UK police arrest Tibet activists

Protesters gather outside Chinese embassy, disrupting visit by Premier Wen Jiabao.

About 200 demonstrators gathered outside the Chinese embassy in London on Sunday [Reuters]
About 200 demonstrators gathered outside the Chinese embassy in London on Sunday [Reuters]

A police spokesman said five men were arrested for “breaching the peace”.

‘Tibetan blood’

The protesters waved placards saying “Wen Jiabao, Tibetan blood on your hands”.

“We want China to free our people from a brutal regime. China has imprisoned and killed thousands. We call on Wen Jiabao to hold direct talks with the Dalai Lama,” Tse Ring, a charity worker and one of the protesters, said, referring to the Tibetan spiritual leader.

Matt Whitticase, another activist with Free Tibet, said: “We also want to send a message to Gordon Brown [the British prime minister]. Brown must get tough with Premier Wen.

A smaller, friendlier crowd also gathered to greet Wen on his visit [Reuters]

“He must demonstrate his belief in human rights and [that] freedom is universal, even when it is politically inconvenient.”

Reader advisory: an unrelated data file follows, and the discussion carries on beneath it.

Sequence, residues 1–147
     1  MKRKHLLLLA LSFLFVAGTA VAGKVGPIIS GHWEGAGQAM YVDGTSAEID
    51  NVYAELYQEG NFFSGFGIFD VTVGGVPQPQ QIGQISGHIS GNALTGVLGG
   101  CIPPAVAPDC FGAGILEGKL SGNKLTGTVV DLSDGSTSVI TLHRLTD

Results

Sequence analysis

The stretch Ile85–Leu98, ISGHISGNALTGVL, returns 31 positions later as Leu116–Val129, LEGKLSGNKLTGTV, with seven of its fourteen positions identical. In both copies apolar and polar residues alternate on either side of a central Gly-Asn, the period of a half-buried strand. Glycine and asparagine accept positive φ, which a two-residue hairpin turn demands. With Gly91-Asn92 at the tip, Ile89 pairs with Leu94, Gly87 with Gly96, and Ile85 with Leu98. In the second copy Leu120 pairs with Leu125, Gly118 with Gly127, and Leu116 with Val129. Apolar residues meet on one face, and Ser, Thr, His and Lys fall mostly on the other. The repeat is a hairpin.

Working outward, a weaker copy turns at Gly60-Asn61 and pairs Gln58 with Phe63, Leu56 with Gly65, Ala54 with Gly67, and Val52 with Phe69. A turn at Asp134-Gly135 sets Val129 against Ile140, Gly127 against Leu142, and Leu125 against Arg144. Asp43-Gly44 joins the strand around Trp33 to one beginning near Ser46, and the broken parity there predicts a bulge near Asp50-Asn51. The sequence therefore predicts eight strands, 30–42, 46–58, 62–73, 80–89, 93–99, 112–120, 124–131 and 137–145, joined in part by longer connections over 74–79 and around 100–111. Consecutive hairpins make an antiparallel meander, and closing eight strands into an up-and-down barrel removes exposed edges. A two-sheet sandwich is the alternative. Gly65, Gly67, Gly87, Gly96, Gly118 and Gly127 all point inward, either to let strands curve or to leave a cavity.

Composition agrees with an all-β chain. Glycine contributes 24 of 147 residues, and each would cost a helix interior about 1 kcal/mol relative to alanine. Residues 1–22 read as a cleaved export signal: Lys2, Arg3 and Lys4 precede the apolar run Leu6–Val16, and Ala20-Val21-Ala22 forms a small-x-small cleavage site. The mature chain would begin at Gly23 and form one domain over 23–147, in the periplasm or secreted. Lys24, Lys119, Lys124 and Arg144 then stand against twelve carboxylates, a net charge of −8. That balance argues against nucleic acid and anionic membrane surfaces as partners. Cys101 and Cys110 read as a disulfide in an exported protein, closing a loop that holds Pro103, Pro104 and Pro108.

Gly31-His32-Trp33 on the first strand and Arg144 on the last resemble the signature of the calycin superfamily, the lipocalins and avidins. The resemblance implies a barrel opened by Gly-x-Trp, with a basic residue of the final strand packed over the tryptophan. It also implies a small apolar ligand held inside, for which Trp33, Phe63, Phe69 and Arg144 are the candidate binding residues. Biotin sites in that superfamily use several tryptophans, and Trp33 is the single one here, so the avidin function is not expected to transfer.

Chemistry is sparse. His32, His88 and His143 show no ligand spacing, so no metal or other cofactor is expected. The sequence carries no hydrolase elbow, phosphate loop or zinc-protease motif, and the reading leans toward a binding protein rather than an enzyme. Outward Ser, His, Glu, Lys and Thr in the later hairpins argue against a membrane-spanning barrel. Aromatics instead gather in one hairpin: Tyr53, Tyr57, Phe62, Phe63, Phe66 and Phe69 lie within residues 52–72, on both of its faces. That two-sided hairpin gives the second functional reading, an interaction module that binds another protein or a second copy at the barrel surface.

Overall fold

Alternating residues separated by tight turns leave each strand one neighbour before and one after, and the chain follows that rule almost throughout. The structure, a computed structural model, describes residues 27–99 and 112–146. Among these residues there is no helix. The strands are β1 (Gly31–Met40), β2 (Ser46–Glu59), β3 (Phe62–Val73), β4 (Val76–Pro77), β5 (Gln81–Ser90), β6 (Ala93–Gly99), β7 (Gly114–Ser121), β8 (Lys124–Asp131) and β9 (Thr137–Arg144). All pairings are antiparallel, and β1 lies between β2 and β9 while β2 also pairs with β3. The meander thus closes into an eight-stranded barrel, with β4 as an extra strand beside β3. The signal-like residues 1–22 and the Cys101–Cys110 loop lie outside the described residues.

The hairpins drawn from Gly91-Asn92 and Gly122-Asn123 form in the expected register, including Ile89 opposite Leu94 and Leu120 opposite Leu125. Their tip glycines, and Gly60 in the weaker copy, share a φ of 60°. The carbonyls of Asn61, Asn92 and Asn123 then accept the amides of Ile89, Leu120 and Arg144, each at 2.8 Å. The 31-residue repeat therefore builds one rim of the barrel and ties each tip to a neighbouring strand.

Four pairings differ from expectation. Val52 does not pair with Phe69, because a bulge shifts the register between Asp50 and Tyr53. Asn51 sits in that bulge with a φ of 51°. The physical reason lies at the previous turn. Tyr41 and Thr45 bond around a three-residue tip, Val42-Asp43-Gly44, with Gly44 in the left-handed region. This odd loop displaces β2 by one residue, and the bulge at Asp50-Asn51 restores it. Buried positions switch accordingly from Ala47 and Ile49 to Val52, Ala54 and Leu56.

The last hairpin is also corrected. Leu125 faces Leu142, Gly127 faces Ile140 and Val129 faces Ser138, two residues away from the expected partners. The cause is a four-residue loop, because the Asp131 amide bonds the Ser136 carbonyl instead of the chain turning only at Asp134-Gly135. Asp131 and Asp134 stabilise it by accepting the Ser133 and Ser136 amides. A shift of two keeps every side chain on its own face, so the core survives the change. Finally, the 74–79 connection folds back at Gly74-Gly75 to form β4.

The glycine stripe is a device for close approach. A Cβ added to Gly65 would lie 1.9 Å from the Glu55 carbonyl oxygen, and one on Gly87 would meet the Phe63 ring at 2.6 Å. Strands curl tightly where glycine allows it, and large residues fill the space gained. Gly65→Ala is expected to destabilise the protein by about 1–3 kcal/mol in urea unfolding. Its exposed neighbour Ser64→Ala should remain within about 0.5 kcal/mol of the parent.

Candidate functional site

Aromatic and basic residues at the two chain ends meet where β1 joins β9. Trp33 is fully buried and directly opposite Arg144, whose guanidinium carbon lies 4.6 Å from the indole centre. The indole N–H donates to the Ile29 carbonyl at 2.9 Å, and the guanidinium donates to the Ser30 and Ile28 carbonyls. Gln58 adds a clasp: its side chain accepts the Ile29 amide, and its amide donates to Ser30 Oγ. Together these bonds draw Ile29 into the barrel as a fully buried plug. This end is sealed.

Brown will meet Wen several times during his three-day visit to Britain, and Free Tibet campaigners have planned demonstrations to coincide with Wen’s schedule.

Wen was also greeted at the embassy by a small, pro-China crowd who were celebrating Chinese New Year and waving Chinese flags.

One Chinese-born student, identified only as Jin, dismissed the pro-Tibet protest.

“I think they have been influenced by propaganda. I don’t see how they can really know what is going on in Tibet,” he was reported by the AFP news agency as saying.

Relations between China and Europe have been strained over human rights in Tibet and the Dalai Lama, who Beijing regards as a separatist for wanting Tibetan autonomy.

Human rights issues

“I think that most of the Western countries will continue to flag up all these [human rights] issues and China is very much alive to these issues,” Andrew Leung, a China analyst, told Al Jazeera.

“The concerns about human rights, the inequalities and [fears about] transparency are not only applicable to China, but to many countries around the world.”

Tibet was rocked by violent anti-Chinese protests in March last year, which China blamed on the Dalai Lama.

Rights groups allege that hundreds of protesters remain in jail and are subjected to harsh treatment and even torture.

Source: Al Jazeera, News Agencies

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